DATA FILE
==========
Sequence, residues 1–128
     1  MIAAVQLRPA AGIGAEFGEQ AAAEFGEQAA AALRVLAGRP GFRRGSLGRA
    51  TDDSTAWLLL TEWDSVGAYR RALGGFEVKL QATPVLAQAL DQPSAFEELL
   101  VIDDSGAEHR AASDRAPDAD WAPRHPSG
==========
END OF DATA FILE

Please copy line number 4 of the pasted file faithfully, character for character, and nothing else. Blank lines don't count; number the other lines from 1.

   101  VIDDSGAEHR AASDRAPDAD WAPRHPSG